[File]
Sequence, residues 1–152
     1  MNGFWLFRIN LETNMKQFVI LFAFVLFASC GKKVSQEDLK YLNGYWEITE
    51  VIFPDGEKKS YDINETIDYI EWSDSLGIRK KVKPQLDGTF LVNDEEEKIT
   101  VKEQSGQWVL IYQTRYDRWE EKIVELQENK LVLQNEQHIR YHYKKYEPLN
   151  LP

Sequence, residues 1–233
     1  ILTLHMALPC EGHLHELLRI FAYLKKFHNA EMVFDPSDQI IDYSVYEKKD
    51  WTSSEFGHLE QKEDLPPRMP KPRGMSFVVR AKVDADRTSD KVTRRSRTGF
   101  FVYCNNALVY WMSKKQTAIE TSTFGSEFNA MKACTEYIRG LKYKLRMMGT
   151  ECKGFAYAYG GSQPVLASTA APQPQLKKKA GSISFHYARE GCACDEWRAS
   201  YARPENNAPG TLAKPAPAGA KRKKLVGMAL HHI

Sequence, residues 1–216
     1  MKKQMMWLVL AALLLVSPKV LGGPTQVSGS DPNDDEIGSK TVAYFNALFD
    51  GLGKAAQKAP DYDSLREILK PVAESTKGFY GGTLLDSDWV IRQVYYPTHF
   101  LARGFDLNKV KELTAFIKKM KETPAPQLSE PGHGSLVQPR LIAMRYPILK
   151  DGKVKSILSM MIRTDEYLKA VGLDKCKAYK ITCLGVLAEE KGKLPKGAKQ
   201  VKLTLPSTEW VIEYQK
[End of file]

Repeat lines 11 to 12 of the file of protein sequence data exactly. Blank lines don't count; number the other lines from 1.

   201  YARPENNAPG TLAKPAPAGA KRKKLVGMAL HHI

Sequence, residues 1–216